The highest employment rates were found for youth who had followed the college route – either with a gap or without-and for youth who delayed university but finished a degree. Both rates were around 85 per cent. The employment rate for university graduates in the cohort who started their degree immediately was just below 80 per cent.
One possible explanation for the difference between the university graduates is that gappers may have had more opportunity to work …
October 8, 2007, 3:34 pm
OK, commenters, you win. My proposal for extending the punishment for academic dishonesty is probably too
draconian fascist much like walking the plank strict. Even if I fixed the “five-game suspension” problem for athletes, I admit most students caught in academic dishonesty aren’t cold-blooded cheaters but basically good people who are naive to the ways of college and have gotten themselves talked into thinking that cheating is acceptable if one can sort of morally justify it. And as such, they don’t need the full force of the sanctions that I proposed to get the lesson across.
But at least at my college, the professor reserves the right to suggest withholding parts of the standard penalty for academic dishonesty. While I always report academic dishonesty to the Dean, and while I have done so at least once a semester ever since I started working here, in fact I have almost never…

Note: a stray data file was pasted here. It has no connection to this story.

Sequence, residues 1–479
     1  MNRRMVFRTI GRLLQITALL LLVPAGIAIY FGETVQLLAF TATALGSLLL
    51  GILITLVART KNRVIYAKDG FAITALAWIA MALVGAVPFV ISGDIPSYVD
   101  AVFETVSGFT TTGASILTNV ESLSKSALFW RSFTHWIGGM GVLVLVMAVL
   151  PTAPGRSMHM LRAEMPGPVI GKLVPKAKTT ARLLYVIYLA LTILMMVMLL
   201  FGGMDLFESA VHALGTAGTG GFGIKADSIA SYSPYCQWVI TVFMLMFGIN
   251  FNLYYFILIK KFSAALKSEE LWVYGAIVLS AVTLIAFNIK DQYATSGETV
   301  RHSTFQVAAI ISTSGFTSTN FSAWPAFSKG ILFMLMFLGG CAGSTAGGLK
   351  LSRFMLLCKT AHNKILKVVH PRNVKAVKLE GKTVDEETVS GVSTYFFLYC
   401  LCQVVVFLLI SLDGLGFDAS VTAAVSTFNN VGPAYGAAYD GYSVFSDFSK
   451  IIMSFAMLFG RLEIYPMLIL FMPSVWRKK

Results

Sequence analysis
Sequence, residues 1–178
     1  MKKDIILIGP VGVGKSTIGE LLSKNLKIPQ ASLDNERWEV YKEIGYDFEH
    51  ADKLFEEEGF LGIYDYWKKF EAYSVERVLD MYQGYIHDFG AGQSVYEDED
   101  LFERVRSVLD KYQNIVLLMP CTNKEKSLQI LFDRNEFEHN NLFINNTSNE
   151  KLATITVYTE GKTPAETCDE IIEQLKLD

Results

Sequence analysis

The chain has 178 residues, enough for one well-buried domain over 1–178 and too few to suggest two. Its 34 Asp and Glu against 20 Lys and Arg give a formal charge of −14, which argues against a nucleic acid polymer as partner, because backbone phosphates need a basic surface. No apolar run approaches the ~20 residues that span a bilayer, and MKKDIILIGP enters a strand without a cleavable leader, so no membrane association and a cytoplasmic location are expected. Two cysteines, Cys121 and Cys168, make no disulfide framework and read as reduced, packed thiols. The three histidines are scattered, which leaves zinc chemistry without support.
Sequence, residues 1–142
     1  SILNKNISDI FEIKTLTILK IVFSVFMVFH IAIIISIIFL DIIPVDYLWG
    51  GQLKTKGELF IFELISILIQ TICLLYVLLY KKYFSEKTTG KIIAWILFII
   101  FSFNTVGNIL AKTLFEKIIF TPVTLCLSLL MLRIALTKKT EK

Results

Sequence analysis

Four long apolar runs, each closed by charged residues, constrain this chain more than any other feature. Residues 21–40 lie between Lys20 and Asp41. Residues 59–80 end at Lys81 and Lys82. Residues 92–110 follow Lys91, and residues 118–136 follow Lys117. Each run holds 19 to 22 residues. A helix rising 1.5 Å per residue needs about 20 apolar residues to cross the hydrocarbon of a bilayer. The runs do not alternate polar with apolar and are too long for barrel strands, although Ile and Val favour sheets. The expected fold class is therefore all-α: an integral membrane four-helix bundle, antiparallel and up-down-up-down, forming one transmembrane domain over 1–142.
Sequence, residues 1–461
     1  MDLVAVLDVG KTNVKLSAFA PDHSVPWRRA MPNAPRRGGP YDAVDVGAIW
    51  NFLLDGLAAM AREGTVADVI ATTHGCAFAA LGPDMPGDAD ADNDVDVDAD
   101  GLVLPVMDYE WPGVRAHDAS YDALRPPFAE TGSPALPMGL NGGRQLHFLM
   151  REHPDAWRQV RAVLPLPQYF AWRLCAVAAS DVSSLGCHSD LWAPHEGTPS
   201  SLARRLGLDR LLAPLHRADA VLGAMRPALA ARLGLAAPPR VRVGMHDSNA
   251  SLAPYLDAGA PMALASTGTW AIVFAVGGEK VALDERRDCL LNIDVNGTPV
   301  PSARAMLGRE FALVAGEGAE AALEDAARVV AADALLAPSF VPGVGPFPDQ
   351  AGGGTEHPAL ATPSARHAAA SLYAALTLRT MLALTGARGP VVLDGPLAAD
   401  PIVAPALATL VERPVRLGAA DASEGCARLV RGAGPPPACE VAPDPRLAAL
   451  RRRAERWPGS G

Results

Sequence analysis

October 2, 2007, 8:54 pm
My college’s official policy on academic dishonesty (cheating, plagiarism, and the like) goes as follows. When a student is “convicted” of academic dishonesty on a course assignment and it is their first offense, then:
- The student receives an automatic “0″ on the assignment.
- The student’s final letter grade in the course is reduced by one full letter. (An earned B- becomes a C-, etc.)
And should the student ever commit academic dishonesty a second time, the student is expelled.
This policy is pretty typical of a lot of colleges. But I am beginning to think it doesn’t go far enough. Here’s what I am thinking ought to happen to a student caught in academic dishonesty:
- The student gets a grade of “0″ on the assignment and a reduction of one letter on the final grade, as is currently the case.
- The student is barred for one year from holding any officer position in any official…
September 25, 2007, 9:11 am
Patrick Henry College in Virginia has become something of a lightning rod for criticism among higher education types because of its commitment to conservative political and religious principles and because of its high profile. Some of this criticism is perhaps justified, for example the requirement to affirm a literal six-day creation. But say what you want about PHC, you have to like this statement that I found on their web site:
Patrick Henry College is neither a church, nor a family. We are here to support these two institutions in the lives of our students, not supplant either of them.
Our support for the local church begins with both our requirement that students attend a local church on Sunday as well as our purposeful decision to not create our own campus church with its own Sunday services. We support the continuing role of the parents in the lives of our students in ways that …